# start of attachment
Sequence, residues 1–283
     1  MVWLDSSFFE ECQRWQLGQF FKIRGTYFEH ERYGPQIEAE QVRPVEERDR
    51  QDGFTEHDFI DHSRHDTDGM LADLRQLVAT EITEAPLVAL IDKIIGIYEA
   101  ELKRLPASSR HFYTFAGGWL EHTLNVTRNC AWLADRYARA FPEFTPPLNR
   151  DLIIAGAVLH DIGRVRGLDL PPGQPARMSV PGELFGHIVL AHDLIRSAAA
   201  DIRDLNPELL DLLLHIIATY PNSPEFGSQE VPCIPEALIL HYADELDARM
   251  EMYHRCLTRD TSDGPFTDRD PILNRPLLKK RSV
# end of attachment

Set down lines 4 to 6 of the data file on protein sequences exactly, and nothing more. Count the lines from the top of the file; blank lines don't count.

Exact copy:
   101  ELKRLPASSR HFYTFAGGWL EHTLNVTRNC AWLADRYARA FPEFTPPLNR
   151  DLIIAGAVLH DIGRVRGLDL PPGQPARMSV PGELFGHIVL AHDLIRSAAA
   201  DIRDLNPELL DLLLHIIATY PNSPEFGSQE VPCIPEALIL HYADELDARM